Wildlife Photography at night


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Jan 4, 2015
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I'm going on vacation in a few months to a remote pare of Australia. One of the things we are doing is a private 4x4 nocturnal tour of our island and see the wildlife that we don't see during the day. I would love to get some pictures, but I think this is going to be a challenge for me, and I'm looking for tips.

The situation: It will be a private 4x4 tour, just my wife and I (and the guide).
These is a good chance I won't he allowed to exit the vehicle
They are animal lovers so I'm assuming they're not going to want me to use a flash, to avoid disturbing the animals.
Again, being animal lovers, we can't (and wouldn't) disturb the animal in any way, meaning we won't follow it back to its home, etc. It will be whatever comes to us or doesn't run away.
This will be from 8:00pm to 11:00pm in the Southern Hemisphere in August, sunset is at 5:05pm there.
The only light we will have will be our car headlights and any natural light that exists, mainly the stars. There won't be any moonlight that night. I'm still trying to find out what the normal cloud cover is on the island at that time of year at night.
Part of our excursion could be along the shoreline, so there could be some reflection from that.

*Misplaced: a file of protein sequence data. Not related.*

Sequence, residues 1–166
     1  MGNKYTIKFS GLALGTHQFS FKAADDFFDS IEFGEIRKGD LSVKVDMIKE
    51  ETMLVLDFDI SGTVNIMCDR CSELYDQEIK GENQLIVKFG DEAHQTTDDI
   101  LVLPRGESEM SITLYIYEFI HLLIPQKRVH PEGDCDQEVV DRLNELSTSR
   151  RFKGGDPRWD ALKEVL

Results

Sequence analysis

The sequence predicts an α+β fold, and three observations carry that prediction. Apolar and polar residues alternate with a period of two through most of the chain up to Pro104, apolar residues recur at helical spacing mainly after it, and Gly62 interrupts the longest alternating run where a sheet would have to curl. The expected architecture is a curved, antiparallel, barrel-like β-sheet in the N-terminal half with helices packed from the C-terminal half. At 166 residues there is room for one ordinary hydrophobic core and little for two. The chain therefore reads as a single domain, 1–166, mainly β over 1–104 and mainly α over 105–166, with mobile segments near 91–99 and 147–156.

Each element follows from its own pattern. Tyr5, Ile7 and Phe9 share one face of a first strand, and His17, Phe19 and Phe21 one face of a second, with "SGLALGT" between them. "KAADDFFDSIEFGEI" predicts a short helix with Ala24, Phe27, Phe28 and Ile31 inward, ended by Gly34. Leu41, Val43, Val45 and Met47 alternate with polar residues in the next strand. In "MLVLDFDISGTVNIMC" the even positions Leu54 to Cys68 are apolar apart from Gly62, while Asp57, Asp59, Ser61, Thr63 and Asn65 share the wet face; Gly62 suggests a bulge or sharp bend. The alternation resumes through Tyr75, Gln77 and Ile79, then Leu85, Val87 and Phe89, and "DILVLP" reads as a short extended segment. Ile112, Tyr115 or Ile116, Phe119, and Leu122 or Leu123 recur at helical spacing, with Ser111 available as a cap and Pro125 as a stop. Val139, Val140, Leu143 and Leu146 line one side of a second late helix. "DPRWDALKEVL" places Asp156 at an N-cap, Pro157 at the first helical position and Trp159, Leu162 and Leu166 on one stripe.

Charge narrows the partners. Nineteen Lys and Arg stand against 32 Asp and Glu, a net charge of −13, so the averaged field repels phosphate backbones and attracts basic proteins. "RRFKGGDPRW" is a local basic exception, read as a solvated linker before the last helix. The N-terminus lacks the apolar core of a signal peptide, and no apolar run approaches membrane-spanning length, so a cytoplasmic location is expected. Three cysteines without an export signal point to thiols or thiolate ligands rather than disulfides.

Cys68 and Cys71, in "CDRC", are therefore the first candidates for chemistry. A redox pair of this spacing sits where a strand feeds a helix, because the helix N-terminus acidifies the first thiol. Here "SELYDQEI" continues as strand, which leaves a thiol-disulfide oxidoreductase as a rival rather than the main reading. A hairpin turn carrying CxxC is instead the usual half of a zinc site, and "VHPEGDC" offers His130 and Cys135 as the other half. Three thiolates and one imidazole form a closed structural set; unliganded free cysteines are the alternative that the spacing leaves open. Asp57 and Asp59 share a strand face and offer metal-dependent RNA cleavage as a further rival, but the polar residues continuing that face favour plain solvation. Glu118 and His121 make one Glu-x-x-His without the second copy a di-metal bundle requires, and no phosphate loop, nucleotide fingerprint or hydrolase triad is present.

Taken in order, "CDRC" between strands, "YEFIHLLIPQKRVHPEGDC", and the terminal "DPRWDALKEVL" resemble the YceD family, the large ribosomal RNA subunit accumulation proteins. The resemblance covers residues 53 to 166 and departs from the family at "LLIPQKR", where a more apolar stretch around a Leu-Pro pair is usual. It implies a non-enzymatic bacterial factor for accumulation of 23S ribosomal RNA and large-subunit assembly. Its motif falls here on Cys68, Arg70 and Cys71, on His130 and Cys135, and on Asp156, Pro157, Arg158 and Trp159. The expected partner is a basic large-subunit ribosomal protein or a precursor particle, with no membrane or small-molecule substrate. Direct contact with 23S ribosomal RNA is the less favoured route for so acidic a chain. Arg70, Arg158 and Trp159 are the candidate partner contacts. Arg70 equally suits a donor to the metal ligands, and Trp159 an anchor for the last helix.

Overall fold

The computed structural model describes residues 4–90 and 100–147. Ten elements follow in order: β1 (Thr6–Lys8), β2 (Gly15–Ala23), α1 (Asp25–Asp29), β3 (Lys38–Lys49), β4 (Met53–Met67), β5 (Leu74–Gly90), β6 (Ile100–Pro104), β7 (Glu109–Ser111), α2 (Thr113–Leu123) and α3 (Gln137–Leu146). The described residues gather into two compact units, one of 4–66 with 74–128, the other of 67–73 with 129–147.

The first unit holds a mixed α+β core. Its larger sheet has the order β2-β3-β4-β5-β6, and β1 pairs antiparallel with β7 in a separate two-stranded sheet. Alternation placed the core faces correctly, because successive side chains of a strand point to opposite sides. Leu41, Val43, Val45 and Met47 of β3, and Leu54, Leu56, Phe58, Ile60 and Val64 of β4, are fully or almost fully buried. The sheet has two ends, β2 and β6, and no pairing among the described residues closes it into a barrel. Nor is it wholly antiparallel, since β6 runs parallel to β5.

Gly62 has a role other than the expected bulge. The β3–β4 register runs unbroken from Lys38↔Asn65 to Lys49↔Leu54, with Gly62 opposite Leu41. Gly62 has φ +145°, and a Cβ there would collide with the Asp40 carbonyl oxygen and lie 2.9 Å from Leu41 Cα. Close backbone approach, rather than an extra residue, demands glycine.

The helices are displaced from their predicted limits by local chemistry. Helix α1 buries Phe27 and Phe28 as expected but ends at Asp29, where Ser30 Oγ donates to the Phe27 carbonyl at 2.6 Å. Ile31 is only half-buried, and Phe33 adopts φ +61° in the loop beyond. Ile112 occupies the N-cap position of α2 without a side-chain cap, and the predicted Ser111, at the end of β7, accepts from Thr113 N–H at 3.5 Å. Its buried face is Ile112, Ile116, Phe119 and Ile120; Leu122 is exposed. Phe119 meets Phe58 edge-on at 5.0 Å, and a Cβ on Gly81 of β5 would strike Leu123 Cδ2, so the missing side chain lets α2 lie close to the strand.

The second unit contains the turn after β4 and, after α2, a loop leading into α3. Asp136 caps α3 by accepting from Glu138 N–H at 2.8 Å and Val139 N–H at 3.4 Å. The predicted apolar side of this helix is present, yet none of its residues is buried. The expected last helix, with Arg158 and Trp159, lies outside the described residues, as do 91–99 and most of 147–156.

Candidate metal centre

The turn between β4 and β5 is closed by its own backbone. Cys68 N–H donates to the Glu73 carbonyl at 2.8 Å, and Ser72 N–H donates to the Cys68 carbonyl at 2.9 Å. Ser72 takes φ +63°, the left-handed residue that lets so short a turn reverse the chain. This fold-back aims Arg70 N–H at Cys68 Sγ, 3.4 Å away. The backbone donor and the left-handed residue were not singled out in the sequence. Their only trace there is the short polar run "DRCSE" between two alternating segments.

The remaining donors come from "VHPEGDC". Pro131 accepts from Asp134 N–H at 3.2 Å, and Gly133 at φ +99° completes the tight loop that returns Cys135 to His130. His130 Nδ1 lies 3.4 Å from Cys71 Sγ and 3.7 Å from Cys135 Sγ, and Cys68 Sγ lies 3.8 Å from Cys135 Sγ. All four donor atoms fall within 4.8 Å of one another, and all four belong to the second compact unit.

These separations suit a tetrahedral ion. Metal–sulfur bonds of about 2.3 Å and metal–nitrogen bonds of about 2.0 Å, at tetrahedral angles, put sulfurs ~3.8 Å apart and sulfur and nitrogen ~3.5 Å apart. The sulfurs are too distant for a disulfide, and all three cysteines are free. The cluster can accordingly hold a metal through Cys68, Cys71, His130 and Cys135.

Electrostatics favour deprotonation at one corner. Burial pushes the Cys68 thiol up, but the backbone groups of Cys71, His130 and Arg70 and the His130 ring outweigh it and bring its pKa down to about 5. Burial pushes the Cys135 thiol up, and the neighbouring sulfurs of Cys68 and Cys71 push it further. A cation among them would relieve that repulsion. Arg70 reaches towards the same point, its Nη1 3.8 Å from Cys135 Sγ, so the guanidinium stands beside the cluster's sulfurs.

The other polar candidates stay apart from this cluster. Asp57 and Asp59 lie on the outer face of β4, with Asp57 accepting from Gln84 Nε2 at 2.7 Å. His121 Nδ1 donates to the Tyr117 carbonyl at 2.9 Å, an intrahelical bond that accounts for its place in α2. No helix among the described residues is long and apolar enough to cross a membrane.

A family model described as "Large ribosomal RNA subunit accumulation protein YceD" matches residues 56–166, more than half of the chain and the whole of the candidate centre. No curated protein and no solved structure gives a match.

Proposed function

So, some thoughts that came to me:

1. Of course a lens with a very low f stop. I have a Canon 50mm fixed with f1.8, and I see Tamron makes a 35mm fixed f1.4 model F045 that I might pick up.
2. I might get one of those gooseneck leg small tripods that I could mount on the door of the Jeep.
3. While I understand that they wouldn't want me using a flash, I'd like to bring along some kind of spotlight. I'm considering just getting a cheapie LED flashlight from Dollar-Tree. Either that or a small incandescent mag light that won't be quite as bright.

Can anyone provide me with some other tips please? I'd like to get my equipment and practice a little before we go away. Remember weight is an issue.
My first thought is that using any light that's near your camera, whether flash or a floodlight of some kind, will get you glowing eyes and not much else.

Low f-stop really means nothing if there's really no light available. Find a place outside at home that's dark, and practice shooting. Also, flash, floodlight, whatever, is going to have a surprisingly limited useful range.
Yeah, you won't have enough light. Technically you can shoot at night, but that tends to be wide angle and long exposure times.

You'd be better off shooting some infrared video if you want to capture that!
That late at night there's really hardly any light around in most places so even with the aperture wide open (smallest f number) and with a very high ISO you still likely won't have much light to work with. Many of the camera traps used for night photography switch to Infra Red and use IR lighting (eg LEDs on many of the camera traps) to provide light.